Catching Up (8/19)
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The company is stuck in a sort of Catch-22: Groupon must spend to grow, but must continue growing to cover its operational expenditures
Michael Nagle for The New York Times A performer in "Ocularpation: Wall Street" in New York this month. On Aug. 1, shortly after 7 a.m., a group of people on Wall Street — who seemed to be going about their regular workdays — began removing their clothes as part of a project by the artist Zefrey Throwell . The performance, "Ocularpation: Wall Street," was intended as a social commentary on the state of the economy and the need for more transparency on Wall Street.
Quick, to the patent office! Tim Carmondy has an interesting piece up on Wired’s Epicenter blog about the value of Kodak’s patent portfolio . Following the massive $12.5 billion purchase of Motorola by Google, and the recent record setting $4.5 billion auction for Nortel’s patent portfolio, it’s a seller’s market for ailing tech companies with large and storied troves of patents.
Neither Palm devices, nor the HP TouchPad were ever going to be able to showcase webOS properly. That’s why yesterday’s news that HP was shutting down its webOS hardware development should have been welcomed by the company’s Personal Systems Group, a source familiar with the matter has told The Next Web. Instead, the announcement was handled poorly, producing confusion about the future of webOS that may hurt its chances to survive. HP made the announcement that it was ceasing to make webOS hardware, but neglected to get a hardware licensing deal in place before doing so. This seemed to drive home the point that webOS was dead in the water, when in fact it is very much alive and was never the issue.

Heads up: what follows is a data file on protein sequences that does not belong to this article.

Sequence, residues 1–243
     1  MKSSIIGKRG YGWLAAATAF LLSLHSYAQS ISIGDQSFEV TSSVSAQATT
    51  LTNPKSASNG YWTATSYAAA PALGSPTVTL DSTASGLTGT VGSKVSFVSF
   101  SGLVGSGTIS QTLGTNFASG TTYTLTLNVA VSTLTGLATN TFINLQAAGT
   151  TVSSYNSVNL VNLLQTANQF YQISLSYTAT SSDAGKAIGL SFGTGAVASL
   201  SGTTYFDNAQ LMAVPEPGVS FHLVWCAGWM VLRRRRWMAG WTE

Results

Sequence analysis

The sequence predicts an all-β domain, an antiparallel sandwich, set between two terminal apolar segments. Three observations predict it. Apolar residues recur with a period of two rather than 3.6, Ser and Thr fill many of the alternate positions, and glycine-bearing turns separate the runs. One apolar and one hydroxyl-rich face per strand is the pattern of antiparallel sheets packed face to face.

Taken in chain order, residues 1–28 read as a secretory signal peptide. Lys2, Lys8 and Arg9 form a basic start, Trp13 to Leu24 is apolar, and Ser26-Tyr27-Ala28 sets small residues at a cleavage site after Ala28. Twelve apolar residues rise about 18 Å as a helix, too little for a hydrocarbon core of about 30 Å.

HP’s WebOS team almost certainly had an idea that the company’s new tablet, the TouchPad, had very little chance of challenging Apple’s dominance in the tablet market, as the company’s webOS operating system was running “over twice as fast” on its rival’s iPad 2 tablet, a source close to the subject revealed to The Next Web. Update below.
HP CEO Leo Apotheker
Posted on Wednesday, August 17th, 2011
Ben Fry The information designer is a relatively new figure on the cultural landscape. The field—devoted to the sophisticated display of data, and the idea that visuals can often tell stories more efficiently than words can—was pioneered by the legendary Edward Tufte in the 1970s and '80s, and recent years have seen an explosion of data visualizations in print and online .